In a world focused on consumerism, whom do you love?
August 16, 2017
Photo by James Ramos/Herald.
One of the catchy songs on the radio right now is Bruno Mars’ “That’s What I Like.” It is so popular that it has been on The Hot 100 Billboard Chart for 15 straight weeks. It is not an overly complex song, but Mars’ soulful voice just makes you want to get up and dance.
Here are some of the lyrics: “I’ll rent a beach house in Miami... Lobster tail for dinner... Cool jewelry shining so bright / Strawberry champagne on ice / Lucky for you, that’s what I like, that’s what I like (x2)... I’m talkin’ trips to Puerto Rico / Say the word and we go... I will never make a promise that I can’t keep / I promise that your email ain’t gon’ never leave…”.
It is a song about a man wanting to make his significant other happy, but there is a problem with the song. Despite the popularity of the song, the core message could never bring true joy to a person.
“That’s What I Like” is a song that has a hollow message because it is based on consumerism.
In 2015, Pope Francis spoke out against this type of ideology: “Today consumerism determines what is important. Consuming relationships, consuming friendships... Whatever the cost or consequence.
A consumption which does not favor bonding, a consumption which has little to do with human relationships... The result is a culture which discards everything that is no longer ‘useful’ or ‘satisfying’ for the tastes of the consumer.”
For Mars, the relationship he is singing about is founded on the taste of extravagant materials goods. Instead of satisfying our hunger with goods that will not last, the Pope calls us to a culture that favors human relationships above all.
A few months ago, my wife and I joyfully welcomed our new baby into a seemingly bleak world. It is very easy to turn on the news and see exactly what has occurred because we have placed other things in front of loving God and loving our neighbor.
Instead of feeding into the hopelessness that is being conveyed in the media, I choose differently. I pray with all my heart that I can teach my kids the world can be scary, but they can never lose hope because of the Catholic Church. Mother Church is the safest place on earth!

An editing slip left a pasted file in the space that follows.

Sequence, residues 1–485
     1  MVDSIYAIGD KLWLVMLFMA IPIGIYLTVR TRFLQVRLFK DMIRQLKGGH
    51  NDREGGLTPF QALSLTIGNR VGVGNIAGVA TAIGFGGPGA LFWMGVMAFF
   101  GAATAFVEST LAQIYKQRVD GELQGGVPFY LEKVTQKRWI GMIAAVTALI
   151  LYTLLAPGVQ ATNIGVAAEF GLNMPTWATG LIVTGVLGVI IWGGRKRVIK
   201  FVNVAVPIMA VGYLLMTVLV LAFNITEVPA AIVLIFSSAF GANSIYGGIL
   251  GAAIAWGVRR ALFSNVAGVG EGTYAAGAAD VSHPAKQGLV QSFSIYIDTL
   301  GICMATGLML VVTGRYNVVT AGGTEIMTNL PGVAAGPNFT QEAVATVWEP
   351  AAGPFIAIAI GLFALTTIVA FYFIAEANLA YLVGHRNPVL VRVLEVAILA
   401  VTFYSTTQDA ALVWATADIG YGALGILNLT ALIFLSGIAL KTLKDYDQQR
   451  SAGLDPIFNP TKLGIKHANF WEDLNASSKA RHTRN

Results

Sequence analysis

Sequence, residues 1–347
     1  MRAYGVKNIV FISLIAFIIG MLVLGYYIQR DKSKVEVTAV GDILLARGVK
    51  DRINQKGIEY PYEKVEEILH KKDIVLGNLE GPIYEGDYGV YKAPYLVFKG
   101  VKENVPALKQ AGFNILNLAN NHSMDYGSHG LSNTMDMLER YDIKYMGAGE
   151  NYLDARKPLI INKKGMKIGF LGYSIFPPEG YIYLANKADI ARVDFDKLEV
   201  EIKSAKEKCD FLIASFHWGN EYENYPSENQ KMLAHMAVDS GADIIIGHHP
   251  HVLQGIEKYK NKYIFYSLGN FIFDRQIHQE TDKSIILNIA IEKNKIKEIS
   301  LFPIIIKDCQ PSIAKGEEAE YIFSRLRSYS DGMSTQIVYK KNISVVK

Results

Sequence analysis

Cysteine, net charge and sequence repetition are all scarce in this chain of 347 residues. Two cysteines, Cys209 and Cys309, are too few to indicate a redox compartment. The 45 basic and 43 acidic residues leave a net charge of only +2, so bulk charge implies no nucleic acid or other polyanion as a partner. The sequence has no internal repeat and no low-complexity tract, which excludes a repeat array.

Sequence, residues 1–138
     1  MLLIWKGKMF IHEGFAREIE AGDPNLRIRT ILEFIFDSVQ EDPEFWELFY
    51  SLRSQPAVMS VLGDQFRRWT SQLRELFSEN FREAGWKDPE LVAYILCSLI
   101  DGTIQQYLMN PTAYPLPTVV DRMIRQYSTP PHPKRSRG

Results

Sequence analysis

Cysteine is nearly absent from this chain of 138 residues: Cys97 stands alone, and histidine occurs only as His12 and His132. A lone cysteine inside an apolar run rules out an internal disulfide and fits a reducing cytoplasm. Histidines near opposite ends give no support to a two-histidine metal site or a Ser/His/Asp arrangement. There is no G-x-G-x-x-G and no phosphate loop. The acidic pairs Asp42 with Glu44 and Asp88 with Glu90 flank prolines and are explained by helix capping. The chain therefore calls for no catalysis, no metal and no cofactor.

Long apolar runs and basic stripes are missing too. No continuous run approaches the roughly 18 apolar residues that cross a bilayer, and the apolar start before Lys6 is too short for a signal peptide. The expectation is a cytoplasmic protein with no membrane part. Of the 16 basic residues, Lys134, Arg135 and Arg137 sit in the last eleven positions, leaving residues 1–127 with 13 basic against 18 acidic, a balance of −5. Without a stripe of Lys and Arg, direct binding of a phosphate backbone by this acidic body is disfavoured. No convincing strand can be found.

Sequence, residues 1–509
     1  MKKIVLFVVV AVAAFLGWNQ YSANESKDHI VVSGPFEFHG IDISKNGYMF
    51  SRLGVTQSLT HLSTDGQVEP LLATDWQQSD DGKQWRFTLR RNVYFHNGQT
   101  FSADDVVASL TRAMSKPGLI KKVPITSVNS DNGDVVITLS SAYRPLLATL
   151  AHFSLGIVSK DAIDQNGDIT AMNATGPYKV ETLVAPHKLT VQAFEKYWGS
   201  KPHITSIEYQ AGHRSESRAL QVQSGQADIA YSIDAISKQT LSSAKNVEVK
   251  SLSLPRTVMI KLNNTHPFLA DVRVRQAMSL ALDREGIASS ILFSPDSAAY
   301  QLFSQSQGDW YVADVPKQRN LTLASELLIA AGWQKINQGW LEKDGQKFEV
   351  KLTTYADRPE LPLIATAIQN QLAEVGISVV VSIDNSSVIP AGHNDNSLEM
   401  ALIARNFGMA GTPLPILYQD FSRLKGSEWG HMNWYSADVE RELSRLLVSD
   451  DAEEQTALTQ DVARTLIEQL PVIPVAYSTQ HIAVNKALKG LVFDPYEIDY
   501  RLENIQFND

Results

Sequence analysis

There are many reasons I believe this, but for me, it is our teaching of the Eucharist that draws me in. One need not look too far (see CCC 1324 or John 6) and see what the Catholic Church proclaims. To build a culture Pope Francis spoke about, we need to cling onto the Eucharist.
We must spend time at the feet of the Lord, and be transformed ourselves. To ask for a transformed society, we must look at the mirror and ensure we are transformed first.
Last month, more than 2,600 people gathered at the George R. Brown Convention Center for the 61st Archdiocesan Youth Conference (AYC). Saturday night was the height of the conference weekend, and it is when the young Church of Galveston-Houston was able to meet Jesus Christ face-to-face. They spent an hour in Exposition and Adoration of the Blessed Sacrament.
For me, it is a beautiful to behold hundreds of older adolescents singing praises, listening to the Gospel and spending time with the Lord in silence. It gives me a taste — even if a little one — of what Heaven must be like.
It was during the Medieval Period when communities in the Western Church started to build tabernacles within churches.
There were many developments throughout the centuries, but the focus went away from just the Mass. The Mass is the primary act of worship for Catholics, and the Catholic Church “encourages us to express our faith in the Eucharist outside of the Mass.”
Worship of the Eucharist outside of the Mass has become a real and wonderful way to pray.
Exposition and Adoration of the Blessed Sacrament does not replace the Mass, but is an extension of it. There are many parishes that offer this type of prayer; if yours does not, there are also many parishes that leave the main church open for people to come and spend time with the Lord in the tabernacle.
As the young Church did at AYC last month, go before the Lord and pour your heart out to Him. This is how we can change the world.
Mars’ song “That’s What I Like” gives us a shallow view of the world. I would rather ask: What is it you love? What is your heart longing for? Mother Church gives us a simple answer. Maybe, a more apt question is: Whom do you love?
By loving Jesus Christ and Mother Church, we can build a culture, not of consumerism, but one that values, upholds and protects human life and relationships.
Go! Stop by your parish and spend time with Jesus Christ. Here are some parishes that offer perpetual Exposition of the Blessed Sacrament:
• St. Teresa in Sugar Land
• Christ the Redeemer (except for Masses)
• St. Cecilia Catholic Church
• St. Elizabeth Ann Seton
Remember, He loves you, and wants to spend time with you. He is waiting for you! †
Dunn Estacio is an associate director in the Archdiocesan Office of Adolescent Catechesis and Evangelization.